Tiny gardens will spring up in downtown Moscow starting next year, and members of the public will be able to access the locally grown foods for free.
Moscow’s Little Free Gardens is an AmeriCorps service project and sponsored by the Moscow Farmers Market.
The Little Free Garden project started in Fargo, N.D., and grew nationally, with the closest one in Bonners Ferry, Idaho. Its mission is to “help connect people with their communities through growing and sharing fresh, local food.”
“What we really wanted to do with this particular service year is develop a project that gives our AmeriCorps members time to engage people in the offseason while also engaging people during the Moscow Farmers Market season,” said Amanda Argona, Moscow community events manager.
Abigail Dow, Moscow urban and edible landscapes educator and an AmeriCorps member, said the planting of edible plants in the gardens will start in the spring — likely in May.
The Moscow Farmers Market is administering polls on its Facebook page to gauge the community’s interest of what they want to see planted in the Little Free Gardens.
The polls are on the page now, and Dow said there will be 13 polls.
She said the edible plants will include fruits, vegetables, herbs and possibly grains. If grown successfully, they will be available for picking during the summer.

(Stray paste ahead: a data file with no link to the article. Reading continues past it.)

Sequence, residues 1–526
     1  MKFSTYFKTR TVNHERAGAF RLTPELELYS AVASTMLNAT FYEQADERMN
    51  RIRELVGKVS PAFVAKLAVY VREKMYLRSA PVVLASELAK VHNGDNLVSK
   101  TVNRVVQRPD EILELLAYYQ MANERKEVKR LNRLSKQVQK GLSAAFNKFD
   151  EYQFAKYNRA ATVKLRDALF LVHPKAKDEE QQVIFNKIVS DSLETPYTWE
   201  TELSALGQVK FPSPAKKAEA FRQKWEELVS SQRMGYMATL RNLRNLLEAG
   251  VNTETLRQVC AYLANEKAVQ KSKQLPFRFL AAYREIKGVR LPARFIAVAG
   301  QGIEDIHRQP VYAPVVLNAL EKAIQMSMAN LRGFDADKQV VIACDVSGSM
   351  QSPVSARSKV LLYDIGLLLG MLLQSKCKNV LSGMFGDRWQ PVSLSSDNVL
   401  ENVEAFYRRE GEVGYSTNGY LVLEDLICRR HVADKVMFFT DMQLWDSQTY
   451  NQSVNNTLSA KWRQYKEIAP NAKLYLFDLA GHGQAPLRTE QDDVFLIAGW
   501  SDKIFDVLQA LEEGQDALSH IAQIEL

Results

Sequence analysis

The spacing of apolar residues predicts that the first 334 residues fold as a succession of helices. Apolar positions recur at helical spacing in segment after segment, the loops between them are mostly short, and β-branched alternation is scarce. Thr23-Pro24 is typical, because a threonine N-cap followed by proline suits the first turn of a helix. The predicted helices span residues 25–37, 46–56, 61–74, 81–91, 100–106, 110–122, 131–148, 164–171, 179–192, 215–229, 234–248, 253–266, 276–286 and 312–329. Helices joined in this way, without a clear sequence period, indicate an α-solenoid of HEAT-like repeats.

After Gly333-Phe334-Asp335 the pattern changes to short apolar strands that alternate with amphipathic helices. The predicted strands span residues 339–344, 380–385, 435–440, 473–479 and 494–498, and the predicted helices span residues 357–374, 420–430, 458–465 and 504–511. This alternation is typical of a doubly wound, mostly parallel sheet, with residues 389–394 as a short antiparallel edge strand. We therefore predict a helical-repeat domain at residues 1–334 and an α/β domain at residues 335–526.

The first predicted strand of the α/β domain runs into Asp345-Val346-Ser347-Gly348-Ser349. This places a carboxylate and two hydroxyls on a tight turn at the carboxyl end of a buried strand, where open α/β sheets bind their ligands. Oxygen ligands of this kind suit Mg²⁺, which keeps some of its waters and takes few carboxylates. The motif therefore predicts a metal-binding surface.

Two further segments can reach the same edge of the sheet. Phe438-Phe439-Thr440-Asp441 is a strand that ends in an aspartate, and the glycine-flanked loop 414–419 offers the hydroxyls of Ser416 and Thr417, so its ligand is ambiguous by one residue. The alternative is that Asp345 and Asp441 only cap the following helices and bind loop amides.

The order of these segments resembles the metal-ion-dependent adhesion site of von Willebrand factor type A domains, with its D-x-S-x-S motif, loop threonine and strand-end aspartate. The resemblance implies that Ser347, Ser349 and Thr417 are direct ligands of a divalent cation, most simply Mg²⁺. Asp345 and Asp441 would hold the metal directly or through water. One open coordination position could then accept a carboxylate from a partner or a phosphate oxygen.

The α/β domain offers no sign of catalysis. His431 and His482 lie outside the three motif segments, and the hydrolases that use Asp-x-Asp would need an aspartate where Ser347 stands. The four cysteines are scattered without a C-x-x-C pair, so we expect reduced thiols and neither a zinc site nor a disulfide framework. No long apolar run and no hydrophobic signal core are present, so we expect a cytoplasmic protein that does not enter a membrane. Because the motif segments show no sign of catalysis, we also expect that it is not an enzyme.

She said the gardens will be in the city hall parking lot area and near and along Main Street, but the exact number and locations of the gardens are yet to be determined.
Dow said they will primarily plant the gardens in existing planters downtown, and they envision building planter boxes in underutilized spaces at city hall.
She said community service days will be held starting around March, in which people can build planter boxes and gardening cold frames to prepare the gardens. Volunteer days will also be held during the spring and summer, where residents can help water and maintain the gardens.
Dow said perhaps the biggest reason for the implementation of the gardens is they will allow residents to access healthy foods more easily.
“If the gardens are successful and bountiful, then there will be food that’s grown locally that anyone in the Moscow community will be free to harvest from,” she said.
Dow said connecting people to where their food comes from and helping address the local food insecurity issue are other reasons for the project. The gardens are also expected to serve as community engagement opportunities and environmental education programs for children and families.
She said they plan to allow children to paint signs and rocks to identify the gardens.
Project materials for the Little Free Gardens will be funded by the city and through donations from seed companies and local businesses.
Since Moscow has never implemented a tiny garden, Dow said, it is difficult to say whether people will abuse them by taking loads of produce at once. She said she has not heard of other locations experiencing the issue.
“I would hope that people will be respectful of how much they’re taking and only take what they need, and I don’t foresee that being an issue,” she said.
While the concepts are similar, Little Free Garden is not affiliated with Little Free Library, a nonprofit organization that promotes neighborhood book exchanges, typically in the form of a small, enclosed bookcase in people’s front yards.
Garrett Cabeza can be reached at (208) 883-4631, or by email to firstname.lastname@example.org.